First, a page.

image courtesy of Keith 'Catfish' Sutton
Come on, FDA. What’s the hurry?
Your special committee is meeting right now to decide if we should eat genetically engineered salmon.
This is a really big decision. It will set a precedent for all future GE animals, and has implications that will ripple through the entire future of the U.S. food supply.
Obviously, you’ll want to set the bar high at the outset. This is not the time for a rubber stamp approval.
There are a couple of things bugging me about this approval process.
I feel like I’ve been ambushed.
You’ve spent the past decade prepping AquaBounty Technologies for this moment, but you gave the rest of us just two weeks to play catch-up before the public hearing. It’s hundreds of pages of technical information covering everything from allergens to ecosystems.
Can I have a minute to catch my breath?
And about that data…
I see that of the four studies submitted, three came directly from AquaBounty—you know, the guys that are $50 million in the hole while they wait for the big payday. And how about that fourth study; you couldn’t come up with a peer review a little fresher than an 18 year-old industry journal?
It troubles me that all the studies took place at AquaBounty’s facility on Prince Edward Island. If they’re going to be raising the fish in Panama, you’d think they would need at least a few test runs down there. And shouldn’t they tell you the actual location of the planned facility, although I think someone said something about being near a river. I guess you figure that Panama isn’t all that big and you’ll be able to find them when you want to check up on stuff like compliance. Oh, I forgot; you won’t be doing much of that since you don’t have any authority in Panama.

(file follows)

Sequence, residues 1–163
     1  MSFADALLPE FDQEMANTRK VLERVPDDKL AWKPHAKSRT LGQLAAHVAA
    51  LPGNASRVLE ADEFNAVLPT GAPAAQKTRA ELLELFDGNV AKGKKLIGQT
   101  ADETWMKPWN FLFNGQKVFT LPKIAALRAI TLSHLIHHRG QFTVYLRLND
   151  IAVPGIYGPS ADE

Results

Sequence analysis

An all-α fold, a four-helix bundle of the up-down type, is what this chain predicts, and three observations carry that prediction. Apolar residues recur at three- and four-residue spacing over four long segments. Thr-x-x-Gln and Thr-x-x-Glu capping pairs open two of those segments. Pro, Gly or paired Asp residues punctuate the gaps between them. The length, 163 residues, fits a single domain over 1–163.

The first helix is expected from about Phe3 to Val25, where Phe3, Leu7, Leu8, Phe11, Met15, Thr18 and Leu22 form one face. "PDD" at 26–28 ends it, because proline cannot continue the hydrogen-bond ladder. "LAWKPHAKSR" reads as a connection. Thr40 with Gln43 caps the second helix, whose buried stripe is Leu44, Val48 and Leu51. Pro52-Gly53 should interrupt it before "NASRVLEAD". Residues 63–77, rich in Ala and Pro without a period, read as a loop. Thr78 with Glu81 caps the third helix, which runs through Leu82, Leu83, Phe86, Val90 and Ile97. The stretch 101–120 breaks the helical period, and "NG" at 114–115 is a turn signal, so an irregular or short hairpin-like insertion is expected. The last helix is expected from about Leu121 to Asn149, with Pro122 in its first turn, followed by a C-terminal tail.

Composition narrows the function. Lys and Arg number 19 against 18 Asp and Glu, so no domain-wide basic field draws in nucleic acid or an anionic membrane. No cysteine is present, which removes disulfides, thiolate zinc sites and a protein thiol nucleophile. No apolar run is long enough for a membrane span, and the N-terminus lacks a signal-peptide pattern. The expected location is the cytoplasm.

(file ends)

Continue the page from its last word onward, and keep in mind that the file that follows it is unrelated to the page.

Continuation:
I was able to get through a few sections of the report. The study on the health of the fish was a piece of cake, being so skimpy and all. I would have thought that more than 120 fish, three to six at a time, would have been studied over the last 15 or so years. It sure doesn’t seem like a whole lot of fish for a company that already has 20 million eggs on order. I also expected that the studies would have used random samples, but I see that AquaBounty was allowed to weed out the fish they didn’t want to use. Wouldn’t you guys at the FDA want to know about the abnormalities? And doesn’t that skew the results in their favor?
I‘m going easy on you here.
I’m not going to talk about the way I get the willies at the thought of conger eel DNA spliced into my dinner (I know, it sounds nicer when you call it the ocean pout), or invoke the nickname Frankenfish (that one really bugs you). And I won’t even go after the special committee you assembled for the review process, with its lone fish expert and last minute addition of a former Monsanto employee, although I wish you had looked beyond your FDA buddies and enlisted some of the environmental and fisheries experts at other government agencies, like the U.S. Fish and Wildlife Service or the National Marine Fisheries Service.
You’re telling us that the FDA will continue to monitor how the fish perform over time.
I think that now is the time to scrutinize the data and ask the hard questions; not after the approval process.
As guardians of the public health, I respectfully suggest that you get up off of your FDA asses and do your job.